(Sunday Morning)                                                                             D.B. Bearman

                                                                                        Friends War Victims Rlf. Cttee.

23rd Nov: 1919                                                                                 53 Rue de Rivoli

    I enclose the 5 fr.                                                                                      1.ere  Arrondissement

    Piece of embroidery                                                                                                 Paris,  France

                                                                                                               Or Paris 1.ere


Dear Père,

          I hesitate to use the A.P.O.(Army Post Office) as I realize that it is run by the soldiers & therefore tends to keep them in the army when their usefulness as such, even in this direction, is only apparent. I had thought this ’A.P.O’ was only a section of the usual government service, or even only a name like ’Service de Santé’. But after a discussion with Charles I made enquiries & found that the post is taken & handed over to the military. The ’Service de Santé’ also has just been can not be used as at is now withdrawn.

When you have little to write, why not make it one of your special Post Cards? You can write two and a half P.C.s for the price of one letter.

            I am now at the Rue de Sèvres again. I was just a week away – Tuesday midday to Tuesday midday! I suppose you received my 14 page letter from Grange? I found yours (& Toms) & Mr T’s awaiting me in Paris thanks – yours was of the 13th.

            As I sit here Hubert Richardson has been playing over some Hymn tunes from my Fellowship book – very unusual with these chaps. What depths of passivity & inaction there are in much of our religious sentiment!!! I feel an impulse a strain of youthfulness wandering in & out among my thoughts, produced & sustained by my more active living lately, & quickening in its turn a sympathy with earlier youth. The impulse of childhood to do things and play at things is wholly right & our conventional religious sentiment today is very largely a power for evil in our development. Fortunately youth is strong & when so right, must win through somewhere to the open sky & to the vital creative activity of Nature. But action is so committal –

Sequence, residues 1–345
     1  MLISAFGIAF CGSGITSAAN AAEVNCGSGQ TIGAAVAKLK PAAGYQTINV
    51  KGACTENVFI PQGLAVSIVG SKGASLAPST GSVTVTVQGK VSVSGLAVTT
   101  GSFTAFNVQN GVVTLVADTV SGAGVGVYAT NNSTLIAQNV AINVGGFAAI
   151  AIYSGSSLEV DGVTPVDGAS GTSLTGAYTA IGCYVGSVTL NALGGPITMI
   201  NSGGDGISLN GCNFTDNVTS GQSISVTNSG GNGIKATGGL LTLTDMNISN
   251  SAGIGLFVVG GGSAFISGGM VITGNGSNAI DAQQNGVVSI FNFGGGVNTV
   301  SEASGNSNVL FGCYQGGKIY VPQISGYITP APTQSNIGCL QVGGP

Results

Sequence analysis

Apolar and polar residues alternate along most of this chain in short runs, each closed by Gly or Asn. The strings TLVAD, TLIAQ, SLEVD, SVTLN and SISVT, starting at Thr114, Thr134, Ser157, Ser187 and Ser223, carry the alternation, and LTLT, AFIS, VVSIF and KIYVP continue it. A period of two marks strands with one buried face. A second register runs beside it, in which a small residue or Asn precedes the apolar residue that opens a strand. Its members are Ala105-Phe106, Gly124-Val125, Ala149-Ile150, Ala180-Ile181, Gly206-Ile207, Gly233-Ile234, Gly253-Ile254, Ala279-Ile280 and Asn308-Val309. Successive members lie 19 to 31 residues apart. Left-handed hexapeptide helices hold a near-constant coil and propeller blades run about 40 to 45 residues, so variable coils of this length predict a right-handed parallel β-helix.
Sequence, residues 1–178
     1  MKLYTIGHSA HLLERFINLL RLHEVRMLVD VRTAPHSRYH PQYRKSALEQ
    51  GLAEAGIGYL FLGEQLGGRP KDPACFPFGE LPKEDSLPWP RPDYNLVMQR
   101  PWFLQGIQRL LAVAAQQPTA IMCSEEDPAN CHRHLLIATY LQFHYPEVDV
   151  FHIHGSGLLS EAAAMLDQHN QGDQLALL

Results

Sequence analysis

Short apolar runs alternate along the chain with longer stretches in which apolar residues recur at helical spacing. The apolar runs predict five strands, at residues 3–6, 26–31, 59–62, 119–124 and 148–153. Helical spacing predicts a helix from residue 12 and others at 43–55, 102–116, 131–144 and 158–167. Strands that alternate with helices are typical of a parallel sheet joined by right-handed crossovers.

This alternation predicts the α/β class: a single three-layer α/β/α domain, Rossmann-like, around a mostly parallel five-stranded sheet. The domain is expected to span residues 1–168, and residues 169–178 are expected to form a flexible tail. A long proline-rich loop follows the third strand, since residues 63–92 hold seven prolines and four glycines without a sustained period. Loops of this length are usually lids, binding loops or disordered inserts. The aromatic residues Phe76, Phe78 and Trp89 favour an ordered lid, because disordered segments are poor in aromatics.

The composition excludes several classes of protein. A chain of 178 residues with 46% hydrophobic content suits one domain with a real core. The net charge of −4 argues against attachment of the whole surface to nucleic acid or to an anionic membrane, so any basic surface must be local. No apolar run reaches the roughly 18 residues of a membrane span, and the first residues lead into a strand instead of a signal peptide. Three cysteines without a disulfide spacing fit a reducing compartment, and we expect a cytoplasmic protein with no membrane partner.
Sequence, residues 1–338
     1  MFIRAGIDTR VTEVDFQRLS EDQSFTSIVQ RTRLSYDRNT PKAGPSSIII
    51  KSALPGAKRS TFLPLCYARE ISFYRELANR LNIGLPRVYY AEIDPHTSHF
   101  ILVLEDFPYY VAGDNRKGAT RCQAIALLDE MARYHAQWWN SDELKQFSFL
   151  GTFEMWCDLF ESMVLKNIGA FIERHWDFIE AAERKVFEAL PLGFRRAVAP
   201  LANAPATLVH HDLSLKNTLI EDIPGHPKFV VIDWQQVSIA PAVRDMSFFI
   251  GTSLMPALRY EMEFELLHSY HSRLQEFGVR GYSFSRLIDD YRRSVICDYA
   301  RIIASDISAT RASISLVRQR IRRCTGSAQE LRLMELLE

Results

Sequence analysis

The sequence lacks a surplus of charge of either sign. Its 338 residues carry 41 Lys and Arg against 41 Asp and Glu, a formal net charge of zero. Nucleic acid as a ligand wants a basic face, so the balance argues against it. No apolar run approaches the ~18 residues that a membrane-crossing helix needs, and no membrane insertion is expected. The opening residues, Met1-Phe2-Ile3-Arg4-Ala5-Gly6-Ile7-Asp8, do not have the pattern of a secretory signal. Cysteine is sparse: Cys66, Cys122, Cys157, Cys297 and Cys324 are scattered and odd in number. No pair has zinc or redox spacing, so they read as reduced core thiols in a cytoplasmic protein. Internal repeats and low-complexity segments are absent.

’a motion’ of a muscle this way or that

               ’Tis done, & in the after vacancy

               ’We wonder at ourselves like things surprised’

& and when out of accord with the forces and experiences which should teach it true discipline, it too often damns the idealism of youth before that idealism has matured. Myself in comparison, have grown up in the safe & sluggish school: & I feel as guilty of my success which is no success as any of those could feel who take life by storm & fall therein. Religious sentiment is good – sublime: but it must be ’wedded’ to all that is vitally active & creative within us. And so the active playful, joyful impulses of youth are not to be supressed nor even disciplined, but wooed & wed, by the more permanent & enduring impulses and sentiments.

            Sunday was very beautiful. The snow was fresh & deep upon everything & the sun shone. West, Lansdell (?), Charles & I (all English) set out soon after 10 am. through the white-robed forest. Our feet in places sunk a foot into the soft snow & the silent trees from time to time would drop on us a load of noiseless snow. It was quite a fairy land. We climbed the ridge which runs from Clermont to Brizeaux & walked along its narrow crest. On the further side we could see the valley of Beauchamp (whence the Mission at Grange drew their drinking water all the summer) & later the larger valley of Les Islettes. On the Grange or East side stretched the almost level plain towards Yarennes Etc. Coming down we passed a deserted orchard. The apples were cased in iced but a yellow variety made excellent eating.

           That evening we had a discussion with David Gourlay in our room on anarchism. In the afternoon we went & had tea at Clermont. In the night it is very cold to dress & go for a walk through the snow to the conveniences.